5.  Differential membrane type 1 matrix metalloproteinase substrate processing with ischemia–reperfusion: Relationship to interstitial microRNA dynamics and myocardial function 
Membrane type 1 matrix metalloproteinase (MT1-MMP) is critical to a number of proteolytic and profibrotic events. However, upstream regulation of MT1-MMP with myocardial ischemia–reperfusion remains poorly understood. MicroRNAs regulate post-transcriptional events, and in silico mapping has identified a conserved sequence in MT1-MMP for microRNA-133a. This study tested the hypothesis that changes in microRNA-133a regulation occur with myocardial ischemia–reperfusion, which contributes to time- and region-dependent changes in MT1-MMP activity and processing of MT1-MMP substrates.
Yorkshire pigs (n = 12) underwent ischemia–reperfusion (90 minutes ischemia and 120 minutes reperfusion), where regional preload recruitable stroke work (sonomicrometry), interstitial MT1-MMP activity (microdialysis), Smad2 abundance (immunoblotting), and interstitial microRNA-133a (polymerase chain reaction) were determined within the ischemia–reperfusion and remote regions. Human left ventricular fibroblasts were transduced with microRNA-133a and anti–microRNA-133a (lentivirus) to determine the effects on MT1-MMP protein abundance.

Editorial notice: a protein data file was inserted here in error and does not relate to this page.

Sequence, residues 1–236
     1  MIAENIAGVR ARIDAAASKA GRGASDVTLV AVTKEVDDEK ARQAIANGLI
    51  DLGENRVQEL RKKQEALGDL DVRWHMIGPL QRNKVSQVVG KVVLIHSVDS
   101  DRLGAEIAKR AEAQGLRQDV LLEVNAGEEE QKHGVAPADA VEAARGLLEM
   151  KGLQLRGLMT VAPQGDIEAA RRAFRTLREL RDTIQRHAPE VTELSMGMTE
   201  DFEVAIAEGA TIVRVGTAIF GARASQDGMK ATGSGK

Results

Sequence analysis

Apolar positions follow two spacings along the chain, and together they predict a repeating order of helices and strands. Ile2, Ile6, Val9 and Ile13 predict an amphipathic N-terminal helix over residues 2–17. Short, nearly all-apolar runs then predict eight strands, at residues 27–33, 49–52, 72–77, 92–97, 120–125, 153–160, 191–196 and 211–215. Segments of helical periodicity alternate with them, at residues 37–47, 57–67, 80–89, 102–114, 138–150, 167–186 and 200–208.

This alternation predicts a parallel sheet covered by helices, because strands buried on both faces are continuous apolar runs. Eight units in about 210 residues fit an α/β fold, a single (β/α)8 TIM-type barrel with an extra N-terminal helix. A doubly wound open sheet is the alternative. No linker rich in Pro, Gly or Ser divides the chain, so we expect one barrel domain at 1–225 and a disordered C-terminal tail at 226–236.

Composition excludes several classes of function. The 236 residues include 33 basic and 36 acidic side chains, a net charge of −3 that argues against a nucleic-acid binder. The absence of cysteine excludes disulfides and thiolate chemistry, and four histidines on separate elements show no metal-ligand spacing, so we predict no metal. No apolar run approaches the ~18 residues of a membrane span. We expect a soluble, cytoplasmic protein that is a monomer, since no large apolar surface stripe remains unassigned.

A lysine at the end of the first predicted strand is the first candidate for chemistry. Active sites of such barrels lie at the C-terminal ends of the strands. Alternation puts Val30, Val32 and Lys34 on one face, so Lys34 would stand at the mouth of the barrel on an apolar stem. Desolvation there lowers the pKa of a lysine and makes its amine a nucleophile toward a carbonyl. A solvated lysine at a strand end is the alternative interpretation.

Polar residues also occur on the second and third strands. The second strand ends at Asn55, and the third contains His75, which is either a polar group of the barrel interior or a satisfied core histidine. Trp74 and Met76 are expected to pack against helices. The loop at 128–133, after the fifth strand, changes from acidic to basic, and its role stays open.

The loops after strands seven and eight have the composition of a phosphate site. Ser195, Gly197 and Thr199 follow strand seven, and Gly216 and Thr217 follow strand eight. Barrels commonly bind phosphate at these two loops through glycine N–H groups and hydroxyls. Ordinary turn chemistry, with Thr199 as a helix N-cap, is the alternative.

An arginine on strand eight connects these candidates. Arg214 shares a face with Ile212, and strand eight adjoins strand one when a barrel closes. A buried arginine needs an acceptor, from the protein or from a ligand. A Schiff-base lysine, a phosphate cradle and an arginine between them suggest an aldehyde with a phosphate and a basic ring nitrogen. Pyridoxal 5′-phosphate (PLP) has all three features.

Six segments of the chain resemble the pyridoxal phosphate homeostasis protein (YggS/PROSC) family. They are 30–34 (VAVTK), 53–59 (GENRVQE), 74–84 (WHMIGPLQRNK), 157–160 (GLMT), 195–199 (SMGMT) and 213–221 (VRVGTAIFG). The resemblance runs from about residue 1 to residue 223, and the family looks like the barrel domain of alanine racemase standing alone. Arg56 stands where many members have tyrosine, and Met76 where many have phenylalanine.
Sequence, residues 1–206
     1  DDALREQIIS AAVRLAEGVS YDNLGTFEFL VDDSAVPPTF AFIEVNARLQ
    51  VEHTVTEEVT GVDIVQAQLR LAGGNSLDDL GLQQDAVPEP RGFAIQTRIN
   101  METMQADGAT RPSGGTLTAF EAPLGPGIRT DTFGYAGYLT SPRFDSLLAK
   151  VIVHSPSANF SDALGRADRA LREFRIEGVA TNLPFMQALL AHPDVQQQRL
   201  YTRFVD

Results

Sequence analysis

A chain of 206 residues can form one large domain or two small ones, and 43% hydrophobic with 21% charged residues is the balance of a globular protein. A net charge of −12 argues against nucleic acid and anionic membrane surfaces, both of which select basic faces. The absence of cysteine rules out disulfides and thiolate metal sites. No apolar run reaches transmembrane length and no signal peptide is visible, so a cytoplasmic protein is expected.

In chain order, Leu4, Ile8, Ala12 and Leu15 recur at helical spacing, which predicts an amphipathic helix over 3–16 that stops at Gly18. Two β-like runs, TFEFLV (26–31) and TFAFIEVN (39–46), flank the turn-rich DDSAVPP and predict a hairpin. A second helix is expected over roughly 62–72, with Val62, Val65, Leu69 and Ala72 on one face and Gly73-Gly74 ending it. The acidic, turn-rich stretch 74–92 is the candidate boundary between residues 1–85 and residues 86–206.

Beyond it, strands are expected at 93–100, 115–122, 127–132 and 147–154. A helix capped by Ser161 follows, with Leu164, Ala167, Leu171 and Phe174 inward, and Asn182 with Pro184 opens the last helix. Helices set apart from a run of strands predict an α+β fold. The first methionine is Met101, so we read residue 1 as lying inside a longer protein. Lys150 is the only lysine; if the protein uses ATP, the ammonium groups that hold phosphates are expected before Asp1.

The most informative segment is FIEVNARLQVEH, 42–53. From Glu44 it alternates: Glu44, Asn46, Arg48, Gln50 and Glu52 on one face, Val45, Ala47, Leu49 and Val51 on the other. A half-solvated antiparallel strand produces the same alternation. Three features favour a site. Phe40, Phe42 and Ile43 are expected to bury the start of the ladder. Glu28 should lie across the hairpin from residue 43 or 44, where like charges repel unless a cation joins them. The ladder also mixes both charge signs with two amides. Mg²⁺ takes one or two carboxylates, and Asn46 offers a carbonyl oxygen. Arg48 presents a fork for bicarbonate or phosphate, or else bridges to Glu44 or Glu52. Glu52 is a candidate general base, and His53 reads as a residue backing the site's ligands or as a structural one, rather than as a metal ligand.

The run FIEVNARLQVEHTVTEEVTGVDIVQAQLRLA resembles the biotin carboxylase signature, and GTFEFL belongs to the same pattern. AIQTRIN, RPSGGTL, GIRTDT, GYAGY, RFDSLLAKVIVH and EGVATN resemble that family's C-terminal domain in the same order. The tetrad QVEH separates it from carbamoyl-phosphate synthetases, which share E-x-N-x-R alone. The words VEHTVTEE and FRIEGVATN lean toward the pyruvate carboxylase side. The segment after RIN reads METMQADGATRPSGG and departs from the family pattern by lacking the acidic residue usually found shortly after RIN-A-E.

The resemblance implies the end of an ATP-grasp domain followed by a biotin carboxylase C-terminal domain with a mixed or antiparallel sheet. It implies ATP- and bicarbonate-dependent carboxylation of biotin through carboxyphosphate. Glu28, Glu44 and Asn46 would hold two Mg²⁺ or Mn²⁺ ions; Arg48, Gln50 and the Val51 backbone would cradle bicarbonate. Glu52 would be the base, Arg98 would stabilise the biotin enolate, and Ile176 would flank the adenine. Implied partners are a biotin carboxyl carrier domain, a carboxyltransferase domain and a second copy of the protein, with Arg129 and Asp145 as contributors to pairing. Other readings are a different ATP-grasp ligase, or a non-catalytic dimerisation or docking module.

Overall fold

With ischemia–reperfusion, regional preload recruitable stroke work decreased from steady state (139 ± 20 mm Hg to 44 ± 11 mm Hg, P <.05) within the ischemia–reperfusion region. MT1-MMP activity increased in both regions. Phosphorylated Smad2 increased within the ischemia–reperfusion region. Both in vitro and in vivo interstitial levels of microRNA-133a decreased with ischemia and returned to steady-state levels with reperfusion. In vitro transduction of microRNA-133a in left ventricular fibroblasts decreased MT1-MMP levels.
Modulation of MT1-MMP activity and microRNA-133a exportation into the myocardial interstitium occurred in the setting of acute myocardial ischemia–reperfusion. In addition, changes in microRNA-133a expression in left ventricular fibroblasts resulted in an inverse modulation of MT1-MMP abundance. Therefore, targeting of microRNA-133a represents a potentially novel means for regulating the cascade of profibrotic events after ischemia–reperfusion.
PMCID: PMC3602970  PMID: 23102905
6.  Changes in Matrix Metalloproteinases (MMPs) and Tissue Inhibitors of MMPs Plasma Profiles in Stress-Induced Cardiomyopathy 
Journal of Cardiac Failure  2012;18(6):487-492.
Transient changes in the composition of the myocardial extracellular matrix may contribute to the ventricular systolic dysfunction in Stress-induced cardiomyopathy (SIC). We examined the changes in plasma matrix metalloproteinases (MMPs) and tissue inhibitors of metalloproteinases (TIMPs) that occur early after the clinical presentation of SIC.
Methods and Results